Andrew Zimmern's Bizarre World of Food: Brains, Bugs, and Blood Sausage

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Have you ever thought about eating giant flying ants? Or raw camel kidneys? Well, read on to watch Andrew Zimmern not only eat these unique and gross foods, but live to tell the tale about the people, places, and adventures he's had while roaming the world in search of new and exciting meals.
Zimmern takes readers from country to country, visiting local markets, participating in cultural feasts, and chasing down native wildlife to taste what each country has to offer, and ...

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Andrew Zimmern's Bizarre World of Food: Brains, Bugs, and Blood Sausage

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Have you ever thought about eating giant flying ants? Or raw camel kidneys? Well, read on to watch Andrew Zimmern not only eat these unique and gross foods, but live to tell the tale about the people, places, and adventures he's had while roaming the world in search of new and exciting meals.
Zimmern takes readers from country to country, visiting local markets, participating in cultural feasts, and chasing down native wildlife to taste what each country has to offer, and discovering what is most authentic about each place he visits and the amazing information he receives while traveling to these countries.
And you can too! Come along on Andrew's amazing adventures and learn fun facts about the animals he encounters, the people he meets, and the places he explores. You'll also find cool recipes to try at home. So let Andrew Zimmern be your guide as he takes you around the world, eating his way through foods one couldn't even dream of eating, while celebrating the undiscovered destinations and weird wonders still taking place today.

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Editorial Reviews

Children's Literature - Phyllis Kennemer
Zimmern has written about his travel experiences in remote areas of the world and his passion for exotic foods that most people in this country would not consider eating—even if they were available. He happily accompanies native hunters in their quest for birds, fish and animals. He sometimes helps with their preparation for consumption and whatever is served, he eats with gusto. Zimmern describes the hostile terrain and seas of Iceland as he embarks on his search for puffins. In Samoa he helps roast large fruit bats over open fires and eats them whole. In Africa he seeks out the Embegge tribe and delights in eating lungfish. Other travels and foods in Asia and South America include such dishes as dung beetles, tarantulas, and stinky tofu. A section of eight pages of color photographs appears in the center of the book. An Author's Note at the end provides details about the taste of some of the more unusual foods Zimmern has eaten. Fans of his Bizarre Foods program on the Travel Channel will likely delight in this memoir of world travel based in foods. Reviewer: Phyllis Kennemer, Ph.D.
School Library Journal
Gr 5–8—In this part travelogue, part memoir, and part behind-the-scenes peek at what it takes to get a television crew on location, Zimmern shows the correlation between the unique experiences he's had across the world and his appreciation of culture through food. With an amazing recall of meals, he goes beyond the brains and bugs promised in the title to recount feasting on exotic fare such as fruit bat, lungfish, and achachairu (a fruit he found outside of Santa Cruz in Bolivia). Often the excitement comes from obtaining food as he risks treacherous ocean waves, climbs up volcanoes, or treks through the jungle before getting to the table. Inserted within the narrative are text boxes of travel tips, translations, or historical facts. The author has an engaging and jovial tone throughout, but the writing style at times seems better suited to the television medium where descriptions get paired with visuals. Still, with such thoughtful insights like the difference between a tourist and a traveler, it is ultimately Zimmern's spirit of adventure that shines through and will no doubt inspire readers to explore the world around them.—Joanna K. Fabicon, Los Angeles Public Library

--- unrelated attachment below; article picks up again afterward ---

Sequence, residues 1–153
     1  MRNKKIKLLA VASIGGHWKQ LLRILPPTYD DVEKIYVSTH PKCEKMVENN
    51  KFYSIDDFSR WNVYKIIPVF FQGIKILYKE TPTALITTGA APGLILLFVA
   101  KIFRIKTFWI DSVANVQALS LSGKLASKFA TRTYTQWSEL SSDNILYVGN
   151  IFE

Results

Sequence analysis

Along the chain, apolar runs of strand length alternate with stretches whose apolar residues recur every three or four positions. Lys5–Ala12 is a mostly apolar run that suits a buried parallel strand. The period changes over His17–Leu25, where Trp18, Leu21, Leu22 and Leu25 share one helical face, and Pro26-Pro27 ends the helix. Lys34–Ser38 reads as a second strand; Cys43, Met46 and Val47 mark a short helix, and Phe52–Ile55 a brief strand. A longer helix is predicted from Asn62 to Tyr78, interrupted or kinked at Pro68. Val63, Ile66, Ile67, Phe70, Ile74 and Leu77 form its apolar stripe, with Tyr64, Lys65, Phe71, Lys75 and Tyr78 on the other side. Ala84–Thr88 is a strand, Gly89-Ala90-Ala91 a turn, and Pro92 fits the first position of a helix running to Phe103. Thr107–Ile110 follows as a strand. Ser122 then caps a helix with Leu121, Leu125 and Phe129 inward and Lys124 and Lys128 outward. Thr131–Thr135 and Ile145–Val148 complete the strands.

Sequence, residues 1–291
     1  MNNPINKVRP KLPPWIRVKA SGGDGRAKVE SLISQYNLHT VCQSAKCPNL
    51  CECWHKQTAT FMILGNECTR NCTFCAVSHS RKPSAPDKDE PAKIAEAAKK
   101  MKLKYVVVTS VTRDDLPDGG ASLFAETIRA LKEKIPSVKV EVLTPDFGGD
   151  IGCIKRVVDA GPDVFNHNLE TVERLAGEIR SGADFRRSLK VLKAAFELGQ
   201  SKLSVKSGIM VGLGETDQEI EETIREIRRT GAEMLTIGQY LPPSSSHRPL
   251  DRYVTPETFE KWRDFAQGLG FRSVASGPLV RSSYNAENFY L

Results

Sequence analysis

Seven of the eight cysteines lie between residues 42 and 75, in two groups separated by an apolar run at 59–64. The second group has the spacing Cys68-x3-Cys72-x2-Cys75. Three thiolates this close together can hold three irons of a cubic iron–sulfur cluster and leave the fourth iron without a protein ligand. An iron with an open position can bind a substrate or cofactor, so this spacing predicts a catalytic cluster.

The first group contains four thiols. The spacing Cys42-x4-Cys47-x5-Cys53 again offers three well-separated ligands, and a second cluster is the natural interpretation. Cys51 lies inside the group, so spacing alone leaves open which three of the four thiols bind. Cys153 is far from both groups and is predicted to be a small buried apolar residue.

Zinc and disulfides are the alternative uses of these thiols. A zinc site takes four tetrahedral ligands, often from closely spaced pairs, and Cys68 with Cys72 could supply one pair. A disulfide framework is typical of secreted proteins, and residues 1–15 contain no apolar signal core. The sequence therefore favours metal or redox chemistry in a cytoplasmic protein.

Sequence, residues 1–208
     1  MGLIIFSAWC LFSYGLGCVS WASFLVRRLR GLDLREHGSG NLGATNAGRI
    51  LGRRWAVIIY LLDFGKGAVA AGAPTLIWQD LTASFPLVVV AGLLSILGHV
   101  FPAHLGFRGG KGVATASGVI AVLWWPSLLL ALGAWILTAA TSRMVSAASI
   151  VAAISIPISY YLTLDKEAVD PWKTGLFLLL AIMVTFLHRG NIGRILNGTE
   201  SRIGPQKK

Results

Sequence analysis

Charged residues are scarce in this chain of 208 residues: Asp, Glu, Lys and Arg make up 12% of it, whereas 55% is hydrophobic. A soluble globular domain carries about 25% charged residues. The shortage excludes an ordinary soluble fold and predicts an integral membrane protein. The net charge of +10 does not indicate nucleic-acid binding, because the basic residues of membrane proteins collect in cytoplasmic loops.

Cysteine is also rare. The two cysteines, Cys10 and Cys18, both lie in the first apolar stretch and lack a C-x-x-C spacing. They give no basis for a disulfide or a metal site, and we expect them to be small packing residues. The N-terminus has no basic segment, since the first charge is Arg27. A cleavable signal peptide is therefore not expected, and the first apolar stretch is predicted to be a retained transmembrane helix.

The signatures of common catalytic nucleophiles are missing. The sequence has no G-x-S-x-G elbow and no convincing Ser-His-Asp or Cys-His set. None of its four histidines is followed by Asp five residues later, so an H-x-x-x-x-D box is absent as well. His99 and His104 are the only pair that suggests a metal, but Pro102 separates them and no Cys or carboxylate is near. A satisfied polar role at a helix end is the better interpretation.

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Product Details

  • ISBN-13: 9780385740043
  • Publisher: Random House Children's Books
  • Publication date: 6/12/2012
  • Pages: 208
  • Sales rank: 1,531,658
  • Age range: 10 years
  • Lexile: 1220L (what's this?)
  • Product dimensions: 5.50 (w) x 8.20 (h) x 0.60 (d)

Meet the Author

ANDREW ZIMMERN is a food writer, dining critic, and chef, and the co-creator, host, and consulting producer of the Travel Channel series Bizarre Foods with Andrew Zimmern and Andrew Zimmern's Bizarre World. Zimmern is the founder and editor in chief of, and he writes monthly for Delta's Sky magazine and Minneapolis St. Paul magazine. He lives in Minneapolis with his wife and son.

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Read an Excerpt

Modern-Day Vikings: Puffin Hunting in the Land of Fire and Ice

Iceland looks and feels like no other place on earth. As our plane touched down just outside Reykjavik, I was almost convinced we’d landed on the moon. Not surprising, given that NASA astronauts trained in Iceland prior to the first moon landing. In much of the country, the barren, rocky topography looks otherworldly. Iceland, which is roughly the size of Ohio, is a glacial, rocky, moss-covered expanse born from volcanic eruptions. Treeless mountains, sweeping fields of arctic grasses waving out to the horizon, awe-inspiring geysers, raging rivers, spectacular ocean vistas, and therapeutic hot springs fueled by underwater volcanoes are stunning but make much of the island uninhabitable. Iceland is called the Land of Fire and Ice, yet despite its staggering natural beauty, the overwhelming majority of the population lives in the capital city of Reykjavik. Everyone else is a farmer or works in either the thermal energy business (booming) or the greenhouse-gardening industry (emerging).